4 thoughts on “Would young people stay in rural area for mining jobs?

  1. And the Market lost my $750,000 retirement. Boo-hoo-hoo! People come and go, the land, once destroyed, stays that way. Greed, one of the Deadly Sins. U.S. Corporate greed, unparalleled.

    • Funny how people can twist a statement… especially when it comes to someone they have no idea about.

      Zee, you’re ignorance may have some traction if we’re talking about families who own major corporations (Walmart, Home Depot, Mcdonalds, etc…). But we’re talking about small, family owned businesses in rural communities. These are mothers and fathers (possibly not unlike your own) who are the backbones of these communities. Mothers and fathers who just want to see thier kids grow up without having to worry too much about thier childrens futures…

      If you have kids, maybe you would understand. Where you see “boo-hoo, my market lost my $750,000 retirement”, I see, “I just want my kids to have the option of having a better future here”. So I ask, between the two, which statement is more accurate…?!

      People DO come and go, and the land, once destroyed… will heal over time. These particular pits usually end up becomeing lakes themselves. The communities that have these particular types of mines in thier area are amoung the cleanest in the country. There are also multiple government agencies that regulate how clean these mines must be. Therefore, if you’ve done your research, shouldn’t be so concerned for two-headed fish popping up amoung the rivers and lakes in these areas.

      Lastly, and I may be assuming too much, but based on your “Deadly Sins” quote, I can make a case you are religious, maybe even a Christian. That’s cool… to each his own. Though, if you preach of deadly sins, isn’t it just as much of a sin to judge your peers? Or to twist thier words and become a lying scribe yourself…?! Just sayin’…

  2. Regarding the article “Rural Retreat”, about the population declines in some Wisconsin counties—each of the factors discussed including fewer family farms, tourism fluctuations and loss of paper industry are legitimate issues. However, the biggest contributor to the decline of the younger demographics has been caused by the inability of the United States Forest Service (USFS) to execute their own Forest Management Plan. The USFS explains they lack funds to conduct enough timber sales. If they had the funding—about $4 million per year—they could produce another 60 million board feet annually providing jobs for another 4,500 people and annual economic benefit of $125 million—not to mention the value of the timber. It is no accident that the four Wisconsin counties with the largest National Forest acreage—Forest, Vilas, Ashland and Bayfield—suffer some of the highest unemployment rates and double-digit outmigration with younger demographics, namely people under 45. Poor timber management is causing economic decline as families are forced to seek work elsewhere. It is killing paper mills and is the primary reason the west has been on fire the past few years. Even Wisconsin sawmills have been forced to import from Canada. Kind of crazy, eh?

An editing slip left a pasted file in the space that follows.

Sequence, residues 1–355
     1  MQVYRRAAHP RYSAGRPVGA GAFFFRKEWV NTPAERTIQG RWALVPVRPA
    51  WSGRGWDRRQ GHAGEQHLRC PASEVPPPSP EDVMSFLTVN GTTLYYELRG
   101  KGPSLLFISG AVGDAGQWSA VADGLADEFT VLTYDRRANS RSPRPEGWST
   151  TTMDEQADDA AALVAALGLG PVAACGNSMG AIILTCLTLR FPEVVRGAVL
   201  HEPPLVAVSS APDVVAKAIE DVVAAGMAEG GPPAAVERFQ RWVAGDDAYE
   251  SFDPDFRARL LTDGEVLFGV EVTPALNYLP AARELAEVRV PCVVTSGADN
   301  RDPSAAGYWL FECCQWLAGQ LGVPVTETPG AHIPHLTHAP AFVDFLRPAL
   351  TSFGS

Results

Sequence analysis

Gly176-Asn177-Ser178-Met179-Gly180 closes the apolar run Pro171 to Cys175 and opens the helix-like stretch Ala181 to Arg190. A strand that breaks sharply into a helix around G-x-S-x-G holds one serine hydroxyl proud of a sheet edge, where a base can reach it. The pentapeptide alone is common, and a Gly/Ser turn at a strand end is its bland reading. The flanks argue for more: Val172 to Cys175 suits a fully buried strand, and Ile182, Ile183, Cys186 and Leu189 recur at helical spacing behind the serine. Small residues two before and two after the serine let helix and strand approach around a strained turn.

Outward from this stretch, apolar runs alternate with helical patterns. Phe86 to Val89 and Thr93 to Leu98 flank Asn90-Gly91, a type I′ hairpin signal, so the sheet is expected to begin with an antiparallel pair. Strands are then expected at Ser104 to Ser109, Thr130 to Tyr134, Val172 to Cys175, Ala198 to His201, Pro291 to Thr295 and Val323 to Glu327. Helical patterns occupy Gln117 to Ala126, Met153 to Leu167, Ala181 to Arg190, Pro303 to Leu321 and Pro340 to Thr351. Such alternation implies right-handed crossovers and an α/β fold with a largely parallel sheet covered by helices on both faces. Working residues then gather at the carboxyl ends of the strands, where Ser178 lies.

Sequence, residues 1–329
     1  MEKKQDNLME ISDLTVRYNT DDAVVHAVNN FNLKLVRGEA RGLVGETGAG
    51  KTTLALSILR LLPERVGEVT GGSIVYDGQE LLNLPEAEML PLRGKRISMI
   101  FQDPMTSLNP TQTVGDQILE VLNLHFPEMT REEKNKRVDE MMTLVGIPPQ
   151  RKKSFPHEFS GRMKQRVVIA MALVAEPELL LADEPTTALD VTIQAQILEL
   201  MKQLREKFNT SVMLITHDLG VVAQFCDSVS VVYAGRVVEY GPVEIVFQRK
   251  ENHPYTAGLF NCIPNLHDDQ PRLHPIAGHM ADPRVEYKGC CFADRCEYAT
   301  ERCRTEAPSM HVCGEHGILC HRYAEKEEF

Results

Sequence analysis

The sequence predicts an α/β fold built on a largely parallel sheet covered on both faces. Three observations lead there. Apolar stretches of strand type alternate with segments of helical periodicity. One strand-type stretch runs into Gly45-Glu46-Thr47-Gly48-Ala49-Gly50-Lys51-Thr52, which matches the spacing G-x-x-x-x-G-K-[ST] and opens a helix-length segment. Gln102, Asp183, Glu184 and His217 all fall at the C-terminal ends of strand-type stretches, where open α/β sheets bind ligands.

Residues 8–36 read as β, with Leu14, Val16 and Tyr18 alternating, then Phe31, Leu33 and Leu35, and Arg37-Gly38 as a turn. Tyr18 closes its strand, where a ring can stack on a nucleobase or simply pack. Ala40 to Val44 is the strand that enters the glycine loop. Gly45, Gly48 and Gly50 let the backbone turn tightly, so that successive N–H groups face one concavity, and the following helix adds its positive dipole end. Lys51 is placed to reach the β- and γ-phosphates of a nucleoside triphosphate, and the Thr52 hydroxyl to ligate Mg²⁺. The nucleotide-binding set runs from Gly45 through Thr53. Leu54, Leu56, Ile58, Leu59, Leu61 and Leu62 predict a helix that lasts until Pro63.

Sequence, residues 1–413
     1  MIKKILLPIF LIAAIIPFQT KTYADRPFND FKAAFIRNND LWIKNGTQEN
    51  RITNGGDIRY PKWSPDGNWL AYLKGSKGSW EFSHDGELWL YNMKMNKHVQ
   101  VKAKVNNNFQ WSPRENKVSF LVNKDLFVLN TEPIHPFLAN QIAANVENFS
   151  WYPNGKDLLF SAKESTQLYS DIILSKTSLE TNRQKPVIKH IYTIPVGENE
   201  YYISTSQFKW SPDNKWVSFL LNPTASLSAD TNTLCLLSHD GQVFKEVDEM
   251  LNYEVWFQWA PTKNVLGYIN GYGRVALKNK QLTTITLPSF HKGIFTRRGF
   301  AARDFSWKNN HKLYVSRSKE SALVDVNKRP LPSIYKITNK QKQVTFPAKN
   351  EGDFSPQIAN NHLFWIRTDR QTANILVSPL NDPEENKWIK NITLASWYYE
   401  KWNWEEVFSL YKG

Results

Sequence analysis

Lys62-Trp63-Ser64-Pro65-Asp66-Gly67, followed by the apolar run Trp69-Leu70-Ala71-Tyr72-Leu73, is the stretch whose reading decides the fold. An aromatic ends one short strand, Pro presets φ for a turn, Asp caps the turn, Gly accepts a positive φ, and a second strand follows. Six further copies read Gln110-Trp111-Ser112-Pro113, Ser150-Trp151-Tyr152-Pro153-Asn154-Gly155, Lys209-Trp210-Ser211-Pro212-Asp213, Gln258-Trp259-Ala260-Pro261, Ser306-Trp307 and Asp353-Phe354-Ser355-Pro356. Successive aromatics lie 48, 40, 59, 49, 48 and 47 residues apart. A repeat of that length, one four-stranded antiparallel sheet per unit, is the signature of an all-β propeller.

3. I’m trying to visualize a 4.5 MILE LONG mining scar in those counties, which would invariably cause horrific destruction on-site and for many more miles around it.

    As one mining company pointed out in the past, “We don’t just affect the environment, we remove it.”

    Also, a mine that size is never just a mine … it also brings unavoidable degradation during the ore processing, as well as during transportation of the raw ore, the purified metals, and the toxic chemicals used in processing (… with high potential for lethal spills on the roads and rails).

    And where will the water, gas and electrical power come from? More high-capacity wells? More pipelines? More polluting power plants and destructive electrical transmission lines?

    If the mine is 4.5 miles long, how HUGE will the lagoons and/or landfills be for the disposal of the toxic ore tailings and other wastes created during mining?

    How would groundwater drinking supplies be affected by a gash that huge? During the last big Wisconsin fight over mining, we all should have learned about the extensive acidification and groundwater poisoning that usually occur around mines in this type of rock.

    Some of the most expensive and extensive Superfund hazardous waste clean-ups in the country are due to big mine sites like this … and they’re impossible to clean up completely.

    Worse yet, all this destruction would be for TEMPORARY jobs that might last only 1 or 2 generations. Mining towns are famous for their boom and bust economic cycles.

    Meanwhile, the sustainable tourism and forestry industries would suffer PERMANENT job losses for many miles around the site.

    Who could possibly believe that tourism could co-exist with that level of destruction? The visual blight would be unavoidable and permanent (… for several generations at least), creating revulsion and avoidance behaviors in would-be tourists.

    Why would anyone travel so far and spend so much money to visit Wisconsin’s “beautiful northwoods,” just to be slapped in the face with MILES and MILES of depressing ugliness?

    The very fact that Republicans are working overtime to weaken Wisconsin’s mining regulations should raise a hundred red flags in everyone’s mind.

    This is another REALLY BAD IDEA for Wisconsin.